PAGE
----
impedance means coupled with the second group of rectifiers for supplying said second rectified voltage output to the gates of said silicon controlled rectifiers for nonnally causing said silicon controlled rectifiers to supply said first rectified voltage output, and

means coupling said gates to the output of said load sensor means for causing said silicon controlled rectifiers to turn off upon demand for said higher voltage.

7. A system as in claim 6 wherein said impedance means comprises a plurality of resistances having first temiinals respectively coupled with said gates and second terminals connected to a common terminal, and means coupling said common terminal to the output of said first group of rectifiers, and

said means coupling the output of said load sensor means to said gates comprises a plurality of rectifiers having first terminals respectively coupled with said gates and second terminals coupled with the output of said load sensor means.

8. A system as in claim 1 wherein said first group of rectifiers comprises a plurality of silicon controlled rectifiers having their anode-cathode circuits coupled to supply said first rectified voltage output and having gate electrodes,

means coupled between said second group of recti-fiers and said gates comprising a plurality of resistances having first terminals respectively coupled to said gates and second terminals connected to a common tenninal, and a resistance coupled between said common terminal and the output of said second group of rectifiers, and

means coupling the output of said load sensor means with said common terminal.

9. A system as in claim 1 wherein said second rectified output is a modulated alternating current output, and including oscillator control means coupled to said rectifier means for causing said rectifier means to provide alternating current output upon demand therefor.

10. A power system for use with vehicle altemators and the like for providing a first voltage output for vehicle usage and a second higher voltage output; comprising rectifier means adapted to be coupled with a vehicle alternator for rectifying the alternator output and supplying first and second rectified voltage outputs, said rectifier means comprising a first group of rectifiers including silicon controlled rectifiers having their anode-cathode circuit coupled to supply said first rectified voltage output and having gate electrodes, and comprising a second group of rectifiers for supplying said second rectified voltage output of higher voltage than said first rectified voltage output,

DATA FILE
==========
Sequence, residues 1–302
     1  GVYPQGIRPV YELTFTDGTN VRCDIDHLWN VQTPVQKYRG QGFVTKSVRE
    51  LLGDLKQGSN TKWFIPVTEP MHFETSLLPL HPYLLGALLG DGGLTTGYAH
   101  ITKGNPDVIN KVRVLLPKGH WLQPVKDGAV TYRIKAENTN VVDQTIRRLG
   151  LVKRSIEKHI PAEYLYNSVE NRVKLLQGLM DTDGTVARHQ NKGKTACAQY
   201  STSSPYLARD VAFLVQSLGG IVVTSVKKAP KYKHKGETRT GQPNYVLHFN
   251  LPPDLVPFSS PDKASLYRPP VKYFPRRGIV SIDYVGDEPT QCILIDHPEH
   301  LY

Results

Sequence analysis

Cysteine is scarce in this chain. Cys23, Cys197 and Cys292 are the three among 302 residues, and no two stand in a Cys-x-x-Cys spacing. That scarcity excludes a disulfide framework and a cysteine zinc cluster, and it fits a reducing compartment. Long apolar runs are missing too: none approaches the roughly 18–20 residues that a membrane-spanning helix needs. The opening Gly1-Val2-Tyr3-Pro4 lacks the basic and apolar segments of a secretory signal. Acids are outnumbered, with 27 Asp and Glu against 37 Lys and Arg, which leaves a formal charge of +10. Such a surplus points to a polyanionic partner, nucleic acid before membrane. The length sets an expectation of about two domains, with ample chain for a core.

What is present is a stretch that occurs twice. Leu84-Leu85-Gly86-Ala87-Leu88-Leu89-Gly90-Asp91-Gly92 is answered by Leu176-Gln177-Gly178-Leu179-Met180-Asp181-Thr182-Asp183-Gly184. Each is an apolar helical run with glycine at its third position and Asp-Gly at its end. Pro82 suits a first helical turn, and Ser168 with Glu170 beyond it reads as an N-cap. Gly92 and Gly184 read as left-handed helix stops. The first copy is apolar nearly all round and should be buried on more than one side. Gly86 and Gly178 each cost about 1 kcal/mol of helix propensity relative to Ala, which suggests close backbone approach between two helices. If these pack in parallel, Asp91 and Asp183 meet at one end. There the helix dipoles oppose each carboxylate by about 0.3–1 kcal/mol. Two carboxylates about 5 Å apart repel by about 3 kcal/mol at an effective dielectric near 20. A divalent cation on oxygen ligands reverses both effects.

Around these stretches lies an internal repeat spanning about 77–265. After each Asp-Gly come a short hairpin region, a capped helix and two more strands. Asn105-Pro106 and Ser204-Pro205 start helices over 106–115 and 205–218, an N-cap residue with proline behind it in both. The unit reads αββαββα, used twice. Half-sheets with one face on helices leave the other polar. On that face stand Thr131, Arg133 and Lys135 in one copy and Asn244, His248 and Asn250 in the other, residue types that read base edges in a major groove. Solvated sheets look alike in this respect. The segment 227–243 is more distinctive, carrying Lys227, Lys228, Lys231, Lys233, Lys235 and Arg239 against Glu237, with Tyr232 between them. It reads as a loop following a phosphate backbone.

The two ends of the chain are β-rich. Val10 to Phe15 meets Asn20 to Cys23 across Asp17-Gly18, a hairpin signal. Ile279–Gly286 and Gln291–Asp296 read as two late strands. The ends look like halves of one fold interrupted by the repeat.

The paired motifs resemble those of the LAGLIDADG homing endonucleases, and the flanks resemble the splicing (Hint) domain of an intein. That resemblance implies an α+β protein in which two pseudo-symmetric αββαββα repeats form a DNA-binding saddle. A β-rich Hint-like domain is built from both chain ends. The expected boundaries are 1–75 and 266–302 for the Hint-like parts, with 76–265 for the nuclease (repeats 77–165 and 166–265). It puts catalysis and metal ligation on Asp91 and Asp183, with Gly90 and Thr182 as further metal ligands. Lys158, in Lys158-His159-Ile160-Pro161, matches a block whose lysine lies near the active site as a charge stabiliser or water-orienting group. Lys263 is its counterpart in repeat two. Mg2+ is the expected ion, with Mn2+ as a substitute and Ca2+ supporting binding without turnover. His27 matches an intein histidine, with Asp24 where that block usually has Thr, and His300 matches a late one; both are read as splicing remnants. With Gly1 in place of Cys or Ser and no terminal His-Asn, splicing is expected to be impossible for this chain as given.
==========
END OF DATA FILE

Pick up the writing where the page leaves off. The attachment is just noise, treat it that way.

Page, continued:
plug means coupled with the output of said second group of rectifiers for receiving said higher voltage,

load sensor means coupled with said plug means and to said first group of rectifiers for causing said higher voltage to be supplied to said plug means upon demand at said plug means for said higher voltage, said load sensor means including switching means for causing a reduction of the voltage on said gates of said silicon controlled rectifiers, and

impedance means coupling the output of said load sensor means with said gates of said silicon controlled rectifiers and including rectifier means coupling said output of said load sensor means with the output of said first group of rectifiers.

11. A power system for use with vehicle altemators and the like for providing a first voltage output and a second higher voltage output comprising rectifier means adapted to be coupled with a vehicle alternator for receiving the alternator output and supplying first and second voltage outputs, said first voltage output being a substantially low level DC output and said second voltage output being a substantially higher alternating voltage output, said rectifier means comprising a first providing a control signal and oscillator means responsive to said load sensor means coupled with said rectifier means. 12. In a dual voltage power supply system for use with a .vehicle alternator for providing a first out-put voltage and a second higher output voltageihe improvement comprising silicon controlled rectifier means having an anode-cathode circuit coupled to receive an alternating voltage and provide a first output voltage to a load, said rectifier means including a control gate,

means coupling said gate to receive said alternating voltage,

output circuit means to which said second higher voltage is supplied,

switching means coupled with said output circuit means and responsive to demand for said second higher voltage for reducing the voltage on said gate to turn off said silicon controlled rectifier means, and 1 means coupling said switching means to said gate.

' m a: a n a

Claims (12)

1. A power system for use with vehicle alternators and the like for providing a first voltage output and a second higher voltage output, comprising rectifier means adapted to be coupled with a vehicle alternator for supplying first and second rectified voltage outputs, said rectifier means comprising a first group of rectifier for rectifying the alternator output voltage and providing said first rectified voltage output for normal vehicle usage, and a second group of rectifiers for rectifying the alternator output voltage and providing said second rectified voltage output of higher voltage than said first rectified voltage output load sensor means coupled with said rectifier means and responsive to a demand for said higher voltage for causing said rectifier means to supply said higher voltage, plug means coupled between said rectifier means and said load sensor means for receiving said higher voltage, and voltage regulator means responsive to said first and second rectified outputs and adapted to be coupled to said alternator for regulating the output of said alternator.